Dr. Michael Thaut [20:09] Well, music therapy started and stayed. And then based on music neuroscience research, the clinical part of that research, most in the 90s. We got to the point where medical personnel, neurologists, other therapists, looked at the data, and they were very impressed with the data and the videos and everything that demonstrated such a huge effect on just walking, for instance, in stroke patients with Parkinson's patients - the walking pattern changes 100%. And so the question was, who can do that? Because the traditional music therapist does not do that. They work from a different model, more of a social science model. And so we actually had to get to the point where there was a Academy of Neurologic Music Therapy formed, and whose purpose is to continue education all over the world. So that's been going on for 20 years, currently about 3000, maybe three or 4000, certified neurologic music therapists or people from other professions that hold an NMT certificate in about 30, a little over 30 countries in the world.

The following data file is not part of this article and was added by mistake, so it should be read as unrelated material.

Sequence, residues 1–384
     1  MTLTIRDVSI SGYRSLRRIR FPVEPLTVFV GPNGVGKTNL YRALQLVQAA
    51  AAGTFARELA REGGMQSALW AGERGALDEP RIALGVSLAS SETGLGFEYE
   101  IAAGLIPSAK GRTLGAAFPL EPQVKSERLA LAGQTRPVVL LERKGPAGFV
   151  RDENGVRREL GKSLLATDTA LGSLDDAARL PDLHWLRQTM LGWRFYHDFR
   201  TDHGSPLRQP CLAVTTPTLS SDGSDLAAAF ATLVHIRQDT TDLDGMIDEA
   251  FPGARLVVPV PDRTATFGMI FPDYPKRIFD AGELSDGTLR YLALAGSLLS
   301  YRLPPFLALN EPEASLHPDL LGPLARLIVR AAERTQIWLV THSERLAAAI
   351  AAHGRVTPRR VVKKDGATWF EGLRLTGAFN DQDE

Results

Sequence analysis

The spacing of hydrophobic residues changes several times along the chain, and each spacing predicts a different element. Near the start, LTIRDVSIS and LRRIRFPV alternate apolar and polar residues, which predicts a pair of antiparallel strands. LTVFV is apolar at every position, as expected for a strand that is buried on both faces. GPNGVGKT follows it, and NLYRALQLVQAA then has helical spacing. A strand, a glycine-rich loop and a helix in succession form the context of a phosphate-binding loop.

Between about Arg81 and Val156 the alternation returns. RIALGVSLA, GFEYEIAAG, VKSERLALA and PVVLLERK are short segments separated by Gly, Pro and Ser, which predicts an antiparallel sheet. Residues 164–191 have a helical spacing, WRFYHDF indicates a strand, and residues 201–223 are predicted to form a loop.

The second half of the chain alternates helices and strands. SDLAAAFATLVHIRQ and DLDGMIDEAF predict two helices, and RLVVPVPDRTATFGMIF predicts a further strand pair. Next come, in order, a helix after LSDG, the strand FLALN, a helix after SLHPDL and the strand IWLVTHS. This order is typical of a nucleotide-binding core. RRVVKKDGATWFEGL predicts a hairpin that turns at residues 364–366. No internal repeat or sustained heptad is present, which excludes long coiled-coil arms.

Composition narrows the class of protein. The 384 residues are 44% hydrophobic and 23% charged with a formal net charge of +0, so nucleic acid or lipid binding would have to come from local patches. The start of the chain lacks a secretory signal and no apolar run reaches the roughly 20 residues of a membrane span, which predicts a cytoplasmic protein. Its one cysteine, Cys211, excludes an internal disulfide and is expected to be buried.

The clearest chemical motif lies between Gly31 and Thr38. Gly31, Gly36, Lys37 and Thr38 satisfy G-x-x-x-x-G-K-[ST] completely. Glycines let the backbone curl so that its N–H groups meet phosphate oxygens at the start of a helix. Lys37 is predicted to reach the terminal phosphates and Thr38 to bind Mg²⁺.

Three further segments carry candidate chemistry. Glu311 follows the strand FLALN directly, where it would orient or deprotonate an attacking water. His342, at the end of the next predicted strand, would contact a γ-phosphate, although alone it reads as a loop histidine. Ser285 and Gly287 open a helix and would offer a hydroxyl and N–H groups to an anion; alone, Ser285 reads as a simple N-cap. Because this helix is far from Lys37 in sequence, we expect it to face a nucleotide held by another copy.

Jilian Macklin [21:21] Wow. So it's grown quite a bit.

Dr. Michael Thaut [21:23] It's grown quite a bit. And it's continues to grow. The Academy teaches about seven to eight courses all over the world, two here in Toronto. So there's a huge demand for this kind of work, because it works. The evidence was first there, the research was there first. And then, based on the research data, the treatment interventions were developed.